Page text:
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International Literacy Day

Posted by: Emma on 08 Sep 2014
in Blog


"There are perhaps no days of our childhood we lived so fully as those we spent with a favourite book". Marcel Proust

This year, the theme of International Literacy Day is "Literacy and Sustainable Development". Literacy is key to sustainable development, empowering people to realise their potential, and as a basis for lifelong learning. Reading is of course also a highly pleasurable pastime and the opportunity to escape into an alternative reality. Many of the local organisations that Stars has awarded over the years either focus on improving literacy skills directly or recognise the importance of literacy in successful and sustainable development.

In recognition of all the work that organisations like Developments in Literacy (DIL)Africa Educational Trust (AET) and Shine Centre do to improve child literacy in developing countries, members of the team at Stars HQ decided to share some of our own favourite childhood reads.

The Phantom Tollbooth by Norman Juster

Reading this book was the first time I remember being truly delighted by the power of words. Originally published more than 50 years ago, the wit, wordplay and wonder introduced through characters like the Whether Man, the Mathemagician and Faintly Macabre the not-so-wicked 'Which' still delight readers - both young and old - today. 

Ashley Johnson, Senior Communications & Marketing Officer

The BFG by Roald Dahl, illustrated by Quentin Blake

I still have my first copy, although it is falling apart and has 'This belongs to Keighley, age 4' written across it in a jumbo marker pen. I loved the idea that someone was wondering around while people slept, handing out good dreams.

Keighley Jensen, Office & Team Coordinator

Goodnight Mister Tom by Michelle Magorian

This was the first book that ever made me cry. I was really touched by the fact that two such different people who had each been hurt in very distinct ways were able to find in each other the love and comfort that they both so desperately needed. And that their relationship was of father and son, rather than romantic as so often is the case. It was also the book that piqued my interest in the WWII era.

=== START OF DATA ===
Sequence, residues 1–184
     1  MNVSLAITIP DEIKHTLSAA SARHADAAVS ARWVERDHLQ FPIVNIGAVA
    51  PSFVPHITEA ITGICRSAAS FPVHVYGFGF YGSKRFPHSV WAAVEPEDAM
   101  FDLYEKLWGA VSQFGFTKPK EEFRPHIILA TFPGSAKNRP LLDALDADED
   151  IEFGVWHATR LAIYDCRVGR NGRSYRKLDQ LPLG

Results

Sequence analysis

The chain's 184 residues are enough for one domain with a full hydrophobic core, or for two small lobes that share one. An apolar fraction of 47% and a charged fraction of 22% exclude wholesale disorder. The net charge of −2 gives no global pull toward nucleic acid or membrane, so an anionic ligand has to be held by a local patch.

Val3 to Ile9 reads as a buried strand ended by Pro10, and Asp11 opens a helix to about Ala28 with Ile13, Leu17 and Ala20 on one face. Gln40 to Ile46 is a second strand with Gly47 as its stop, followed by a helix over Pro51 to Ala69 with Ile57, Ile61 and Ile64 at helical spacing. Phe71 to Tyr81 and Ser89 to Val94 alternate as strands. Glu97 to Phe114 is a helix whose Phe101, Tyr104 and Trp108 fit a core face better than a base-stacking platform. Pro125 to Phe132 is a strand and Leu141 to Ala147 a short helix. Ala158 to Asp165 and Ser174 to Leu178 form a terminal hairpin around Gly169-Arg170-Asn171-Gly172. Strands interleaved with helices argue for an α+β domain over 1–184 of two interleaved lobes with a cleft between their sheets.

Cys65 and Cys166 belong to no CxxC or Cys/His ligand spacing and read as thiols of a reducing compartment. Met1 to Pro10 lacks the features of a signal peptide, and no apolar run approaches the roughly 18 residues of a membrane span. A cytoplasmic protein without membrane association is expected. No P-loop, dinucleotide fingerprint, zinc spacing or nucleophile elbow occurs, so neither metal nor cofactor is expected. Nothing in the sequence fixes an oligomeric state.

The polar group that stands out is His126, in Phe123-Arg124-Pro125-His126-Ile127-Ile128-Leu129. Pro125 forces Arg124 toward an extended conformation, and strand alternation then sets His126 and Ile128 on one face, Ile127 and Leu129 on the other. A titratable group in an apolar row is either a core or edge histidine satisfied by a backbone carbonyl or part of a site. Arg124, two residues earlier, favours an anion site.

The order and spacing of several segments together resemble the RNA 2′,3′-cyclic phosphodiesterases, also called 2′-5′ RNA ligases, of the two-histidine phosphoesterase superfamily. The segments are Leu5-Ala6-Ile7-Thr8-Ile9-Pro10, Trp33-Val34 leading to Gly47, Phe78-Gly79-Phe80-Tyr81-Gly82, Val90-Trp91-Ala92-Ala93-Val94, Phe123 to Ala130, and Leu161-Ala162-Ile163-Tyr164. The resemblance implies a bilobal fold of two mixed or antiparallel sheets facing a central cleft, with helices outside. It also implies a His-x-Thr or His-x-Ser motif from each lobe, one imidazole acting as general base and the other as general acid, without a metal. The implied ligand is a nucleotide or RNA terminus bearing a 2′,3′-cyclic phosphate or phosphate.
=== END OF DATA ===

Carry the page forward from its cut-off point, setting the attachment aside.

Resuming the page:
Sarah Johnstone, Programme Officer

The Golden Compass by Philip Pullman

What was my favourite book as a kid? Strangely, the first thing that comes to mind is a memory of being read to in my grand parents' garden one summer. My cousins and I sat down as my aunt read this classic to us. The adventures of Lyra, Roger and the other children really fascinated me. But it was this moment of closeness amongst my family – and my aunt’s exceptional delivery of the story – that triggered in me a passion for books.  

Camille Warambourg, Programme Assistant

To Kill a Mockingbird by Harper Lee

My favourite childhood book was To Kill a Mockingbird. It was one of the books we were made to read at school, but instead of reading it chapter by chapter as required for each English class, I read it all in a couple of days because it was so good that I just couldn't put it down. It taught me that I could actually enjoy homework – and that even books I was 'forced'  to read could be inspiring.

Muna Wehbe, CEO

Holes by Louis Sachar

Holes is the story of Stanley Yelnats, a boy who wrongly gets convicted of stealing a pair of basketball shoes, and is sent to a young juveniles camp in the desert to dig holes every day, all in the name of character-building (or so they are told).

I remember the book being very funny, in a charming and offbeat way, but also quite dark at times. Just thinking about it makes me want to dig it out when I’m next at my parents' house!

Katie Williams, Programme Officer

Akbar and Birbal (Tales of Wit and Wisdom) by Amita Sarin

Visiting my grandparents on our family trips back to India was magical enough, however, an added spark was when they used to read me the stories of Akbar and Birbal. These tales –now an integral part of Indian heritage – are based on the relationship shared between an illiterate king who ruled the Mughal Empire between 1542 and 1605 (Akbar) and his advisor and confidant (Birbal).

The trio of wit, wisdom and subtle humour that Birbal managed to encapsulate in his responses to Akbar's questions were truly captivating. These stories not only imparted moral values and virtues, but also inspired me to do well in school so I could be as clever as Birbal.

Neha Broota, Senior Development Officer

The Quangle Wangle's Hat by Edward Lear

As a child I was obsessed with poems and particularly nonsense rhymes. My dad would read me this book and I would be newly delighted with every read at the bizarre names given to each odd fantasy animal. It taught me that words can be fun and silly, and that if you want to make a poem rhyme, you can invent new words! Despite the illustrations I would spend hours daydreaming about what my version of the 'Attery Squash' or the 'Dong with a luminous nose' would look like. We loved the book so much that we named one of our dogs after the 'Pobble who hast no toes'.

Emma Tallamy, Communications & Marketing Assistant

Seven days at Piro Piro by Dino Ticli

I probably read this book more than seven times. It is a short but compelling story of a man whose holiday budget is so little that he has no choice but to accept the agent's only recommendation. He visits Piro Piro, a small island in the middle of an undefined ocean and is transported to a land of adventure, adapting to all the customs of the Piropiri, the island's population. As a child, this book also took me on a journey of discovery with every read.  

- Alessio Kolioulis, Programme Assistant